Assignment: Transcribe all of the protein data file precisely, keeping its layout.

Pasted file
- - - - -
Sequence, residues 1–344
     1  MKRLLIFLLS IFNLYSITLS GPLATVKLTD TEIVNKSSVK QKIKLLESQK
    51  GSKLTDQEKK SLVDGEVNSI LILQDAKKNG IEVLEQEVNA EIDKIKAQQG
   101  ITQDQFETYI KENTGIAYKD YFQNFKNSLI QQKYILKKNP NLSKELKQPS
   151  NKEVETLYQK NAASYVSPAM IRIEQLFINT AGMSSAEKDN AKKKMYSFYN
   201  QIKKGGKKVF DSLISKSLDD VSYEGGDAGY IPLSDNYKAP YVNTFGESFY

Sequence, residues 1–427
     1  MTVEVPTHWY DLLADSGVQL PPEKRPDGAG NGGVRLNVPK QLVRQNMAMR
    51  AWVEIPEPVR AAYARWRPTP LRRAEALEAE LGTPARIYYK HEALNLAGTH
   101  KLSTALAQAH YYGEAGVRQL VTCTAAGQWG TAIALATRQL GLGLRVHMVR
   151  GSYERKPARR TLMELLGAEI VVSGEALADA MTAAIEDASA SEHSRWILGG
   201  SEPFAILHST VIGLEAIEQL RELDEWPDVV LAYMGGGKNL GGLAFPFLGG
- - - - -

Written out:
Sequence, residues 1–344
     1  MKRLLIFLLS IFNLYSITLS GPLATVKLTD TEIVNKSSVK QKIKLLESQK
    51  GSKLTDQEKK SLVDGEVNSI LILQDAKKNG IEVLEQEVNA EIDKIKAQQG
   101  ITQDQFETYI KENTGIAYKD YFQNFKNSLI QQKYILKKNP NLSKELKQPS
   151  NKEVETLYQK NAASYVSPAM IRIEQLFINT AGMSSAEKDN AKKKMYSFYN
   201  QIKKGGKKVF DSLISKSLDD VSYEGGDAGY IPLSDNYKAP YVNTFGESFY

Sequence, residues 1–427
     1  MTVEVPTHWY DLLADSGVQL PPEKRPDGAG NGGVRLNVPK QLVRQNMAMR
    51  AWVEIPEPVR AAYARWRPTP LRRAEALEAE LGTPARIYYK HEALNLAGTH
   101  KLSTALAQAH YYGEAGVRQL VTCTAAGQWG TAIALATRQL GLGLRVHMVR
   151  GSYERKPARR TLMELLGAEI VVSGEALADA MTAAIEDASA SEHSRWILGG
   201  SEPFAILHST VIGLEAIEQL RELDEWPDVV LAYMGGGKNL GGLAFPFLGG